I’ve decided to revisit a brick wall ancestor, my 4x-great grandmother, Lydia Minor, and to create, along the way, a complete guide to this journey. I hope readers with their own Rhode Island brick walls will follow along, and perhaps choose one problem to explore on their own as this goes on. The problem originates in Rhode Island but then veers westward; something that many readers will identify with.
I’m not kidding when I say this will probably take years. I chose this problem because it’s pretty hopeless. Eight years has not solved it yet, so there is no low hanging fruit. It should be/would be/could be solvable – the Minors of southeastern Connecticut are pretty well known – but this particular individual has eluded researchers up to now. Lydia Minor is the great-grandmother of my mother’s grandfather, Russell Earl Darling.
The problem, if it is ever solved, will be solved by devising and implementing strategies, which will often involve seeking connections between small details that can be gleaned about Lydia and her known family. So, let’s strategize.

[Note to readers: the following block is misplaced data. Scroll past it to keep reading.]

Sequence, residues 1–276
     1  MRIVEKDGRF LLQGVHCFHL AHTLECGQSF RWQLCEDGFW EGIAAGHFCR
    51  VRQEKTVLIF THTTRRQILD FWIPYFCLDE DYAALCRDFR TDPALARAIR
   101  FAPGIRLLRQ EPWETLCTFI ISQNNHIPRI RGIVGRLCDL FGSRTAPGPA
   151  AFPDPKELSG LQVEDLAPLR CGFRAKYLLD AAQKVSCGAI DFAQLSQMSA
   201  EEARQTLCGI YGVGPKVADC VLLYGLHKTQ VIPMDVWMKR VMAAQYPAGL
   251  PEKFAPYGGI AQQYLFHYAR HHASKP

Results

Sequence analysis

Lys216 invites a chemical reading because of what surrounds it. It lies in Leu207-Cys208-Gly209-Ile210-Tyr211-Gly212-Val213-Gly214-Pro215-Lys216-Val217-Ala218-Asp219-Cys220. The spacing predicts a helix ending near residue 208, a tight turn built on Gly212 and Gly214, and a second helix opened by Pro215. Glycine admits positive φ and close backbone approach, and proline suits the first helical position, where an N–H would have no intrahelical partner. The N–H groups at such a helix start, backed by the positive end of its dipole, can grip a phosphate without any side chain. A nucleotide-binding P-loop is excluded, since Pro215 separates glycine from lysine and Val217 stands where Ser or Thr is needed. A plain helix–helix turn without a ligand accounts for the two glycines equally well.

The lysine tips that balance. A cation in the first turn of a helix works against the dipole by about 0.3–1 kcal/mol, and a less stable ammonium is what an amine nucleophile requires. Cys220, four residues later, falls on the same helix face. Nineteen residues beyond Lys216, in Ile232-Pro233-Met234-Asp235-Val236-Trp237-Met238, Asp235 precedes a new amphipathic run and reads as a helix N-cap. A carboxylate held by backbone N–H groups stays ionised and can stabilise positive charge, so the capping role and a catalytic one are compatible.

The research question
It’s important to state, in writing, the question. The question needs to narrow down the focus, but also to refer to specific people.
Who were the parents of Lydia Miner, who married Russell Lamphear in 1807 in Preston, Connecticut?
OK. Now I know what I’m looking for.
Lydia Minor’s life
I’d like to begin by showing the little I know about who Lydia Minor really was, so that readers will begin to appreciate her as much as I do.
- The marriage was recorded in a Norwich, Connecticut newspaper as happening in Preston (Connecticut), the town immediately east of Norwich. When I review facts on the husband, Russell, it will be clear that he was living in Norwich at this time, having recently moved from Westerly, Rhode Island.
- With few Minors in Preston, no clues have surfaced to connect Lydia or Russell to Preston. But embarrassingly, I now realize that although I have consulted The Barbour Collection of Connecticut Town Records, Preston 1687-1850, Parts 1 & 2, some New London County probate districts via microfilm at the NEHGS library in Boston, and some Preston deeds at the Family History Library in Salt Lake City, I have never been to Preston Town Hall. And there’s nothing like going to the town hall. Well, that’s why we’re doing this! Adding it to the list.